Stadiums aren't about the money
Why do cities keep building stadiums, despite study after study showing they don't make money? Simple: They're cultural amenities that people want, and are willing to pay for.
When Mayor Gray announced the DC United stadium deal last month, he kicked off a public debate about stadium-building. Much of the debate has focused on whether or not the deal will make DC any money.
But the fact that stadiums often lose money is largely irrelevant. So do museums, libraries, and opera houses. Stadiums fall into the same category.
Smart communities try to squeeze some economic development out of stadium deals, because they may as well, but that's always a side benefit. At the end of the day it isn't the main reason cities build stadiums.
It's true that the privately-owned sports franchises that use stadiums reap a disproportionate benefit from public financing deals, but that's also irrelevant to the stadium-building decision. Pro sports franchises are also cultural amenities that lots of people want and will pay for.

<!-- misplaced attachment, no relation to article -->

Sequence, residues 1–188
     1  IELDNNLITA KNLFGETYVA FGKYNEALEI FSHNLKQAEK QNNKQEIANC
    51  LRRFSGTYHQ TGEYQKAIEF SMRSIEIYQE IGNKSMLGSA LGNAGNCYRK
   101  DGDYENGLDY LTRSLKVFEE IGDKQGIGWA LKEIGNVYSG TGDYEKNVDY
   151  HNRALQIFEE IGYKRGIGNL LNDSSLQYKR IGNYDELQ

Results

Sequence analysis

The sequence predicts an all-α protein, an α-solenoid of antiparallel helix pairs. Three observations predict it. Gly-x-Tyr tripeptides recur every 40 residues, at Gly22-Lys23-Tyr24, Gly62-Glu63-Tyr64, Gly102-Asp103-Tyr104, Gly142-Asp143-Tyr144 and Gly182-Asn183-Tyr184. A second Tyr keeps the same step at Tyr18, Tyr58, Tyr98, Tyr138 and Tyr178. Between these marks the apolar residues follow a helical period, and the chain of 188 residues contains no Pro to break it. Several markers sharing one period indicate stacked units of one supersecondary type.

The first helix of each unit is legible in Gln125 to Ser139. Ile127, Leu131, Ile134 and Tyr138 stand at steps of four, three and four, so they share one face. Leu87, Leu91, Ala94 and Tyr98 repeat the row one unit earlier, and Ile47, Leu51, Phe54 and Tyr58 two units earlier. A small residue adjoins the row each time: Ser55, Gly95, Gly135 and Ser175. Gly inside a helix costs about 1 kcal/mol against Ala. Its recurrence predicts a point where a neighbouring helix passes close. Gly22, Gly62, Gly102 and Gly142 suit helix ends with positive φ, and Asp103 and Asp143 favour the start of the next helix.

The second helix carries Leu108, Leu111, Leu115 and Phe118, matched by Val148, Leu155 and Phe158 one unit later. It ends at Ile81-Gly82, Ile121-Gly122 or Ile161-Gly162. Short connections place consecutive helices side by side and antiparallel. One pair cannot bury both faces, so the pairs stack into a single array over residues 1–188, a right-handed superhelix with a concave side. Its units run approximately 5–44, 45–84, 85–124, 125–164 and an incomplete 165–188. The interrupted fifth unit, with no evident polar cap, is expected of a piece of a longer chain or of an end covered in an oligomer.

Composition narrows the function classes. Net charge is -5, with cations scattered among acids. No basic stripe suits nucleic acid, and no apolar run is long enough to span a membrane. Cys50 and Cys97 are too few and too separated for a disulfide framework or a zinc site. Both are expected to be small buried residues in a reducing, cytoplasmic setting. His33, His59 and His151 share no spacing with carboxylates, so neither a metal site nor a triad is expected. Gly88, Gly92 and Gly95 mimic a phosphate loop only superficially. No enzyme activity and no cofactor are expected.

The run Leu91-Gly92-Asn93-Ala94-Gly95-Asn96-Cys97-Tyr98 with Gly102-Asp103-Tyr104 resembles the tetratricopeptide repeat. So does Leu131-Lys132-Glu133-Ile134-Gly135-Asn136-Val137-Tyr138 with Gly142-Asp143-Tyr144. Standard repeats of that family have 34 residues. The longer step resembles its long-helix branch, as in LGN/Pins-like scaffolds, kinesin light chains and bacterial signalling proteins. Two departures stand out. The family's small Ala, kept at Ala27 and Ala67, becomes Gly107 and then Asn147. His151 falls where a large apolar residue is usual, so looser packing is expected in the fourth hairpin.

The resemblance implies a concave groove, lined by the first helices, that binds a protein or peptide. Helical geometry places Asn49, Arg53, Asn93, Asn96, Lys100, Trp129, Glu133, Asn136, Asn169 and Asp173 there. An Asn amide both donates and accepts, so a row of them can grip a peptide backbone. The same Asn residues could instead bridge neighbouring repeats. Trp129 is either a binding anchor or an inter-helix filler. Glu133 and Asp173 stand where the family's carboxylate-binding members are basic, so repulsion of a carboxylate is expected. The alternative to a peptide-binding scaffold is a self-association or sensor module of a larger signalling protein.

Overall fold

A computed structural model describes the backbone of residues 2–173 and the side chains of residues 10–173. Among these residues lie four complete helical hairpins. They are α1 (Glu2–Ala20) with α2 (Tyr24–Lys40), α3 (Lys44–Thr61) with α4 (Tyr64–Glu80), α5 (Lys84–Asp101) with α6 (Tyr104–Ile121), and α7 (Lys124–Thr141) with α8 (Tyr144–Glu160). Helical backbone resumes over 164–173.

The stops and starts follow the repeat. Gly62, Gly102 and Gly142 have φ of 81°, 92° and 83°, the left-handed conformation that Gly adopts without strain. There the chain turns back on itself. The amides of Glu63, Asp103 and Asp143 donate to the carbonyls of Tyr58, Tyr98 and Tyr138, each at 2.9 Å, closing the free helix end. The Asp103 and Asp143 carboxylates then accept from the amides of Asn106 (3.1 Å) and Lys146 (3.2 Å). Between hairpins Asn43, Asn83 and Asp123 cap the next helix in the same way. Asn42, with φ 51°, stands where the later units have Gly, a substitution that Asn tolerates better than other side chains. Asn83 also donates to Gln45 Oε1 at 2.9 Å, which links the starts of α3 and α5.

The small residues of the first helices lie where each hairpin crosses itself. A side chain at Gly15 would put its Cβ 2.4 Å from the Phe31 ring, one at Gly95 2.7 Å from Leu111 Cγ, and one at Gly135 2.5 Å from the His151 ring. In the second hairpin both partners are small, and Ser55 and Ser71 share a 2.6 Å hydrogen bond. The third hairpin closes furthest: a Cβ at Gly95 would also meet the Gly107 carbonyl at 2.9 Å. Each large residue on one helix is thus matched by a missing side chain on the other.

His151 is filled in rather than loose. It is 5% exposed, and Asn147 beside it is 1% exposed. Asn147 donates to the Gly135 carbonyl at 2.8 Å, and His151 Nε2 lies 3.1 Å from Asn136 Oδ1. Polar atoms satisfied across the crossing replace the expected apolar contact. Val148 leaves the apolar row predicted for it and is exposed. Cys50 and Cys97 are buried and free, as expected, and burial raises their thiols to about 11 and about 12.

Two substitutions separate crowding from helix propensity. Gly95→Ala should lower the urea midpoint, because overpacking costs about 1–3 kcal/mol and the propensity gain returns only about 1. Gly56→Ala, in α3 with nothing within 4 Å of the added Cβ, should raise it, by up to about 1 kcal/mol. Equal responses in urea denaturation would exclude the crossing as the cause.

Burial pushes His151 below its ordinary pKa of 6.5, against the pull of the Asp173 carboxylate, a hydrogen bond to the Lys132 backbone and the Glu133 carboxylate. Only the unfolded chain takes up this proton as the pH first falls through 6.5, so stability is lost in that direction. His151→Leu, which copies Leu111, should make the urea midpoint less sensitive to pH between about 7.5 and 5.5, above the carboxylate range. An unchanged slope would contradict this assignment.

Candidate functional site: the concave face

This is why decades of policy wonk hand-wringing over the money has rarely convinced anyone to stop building stadiums. That criticism, true as it is, simply does not invalidate the perceived benefit.
Cross-posted at BeyondDC.
- Beyond Metro, there's no big idea for transit in DC anymore
- Hogan stalls on the Purple Line, calls it too expensive
- How well do you know Metro? It's whichWMATA week 52
- "Expressing" trains helps Metro recover from delays
- Ask GGW: What's the point of bike sharrows?
- To create safer bike routes, Alexandria can learn from other cities
- US infrastructure spending, in four charts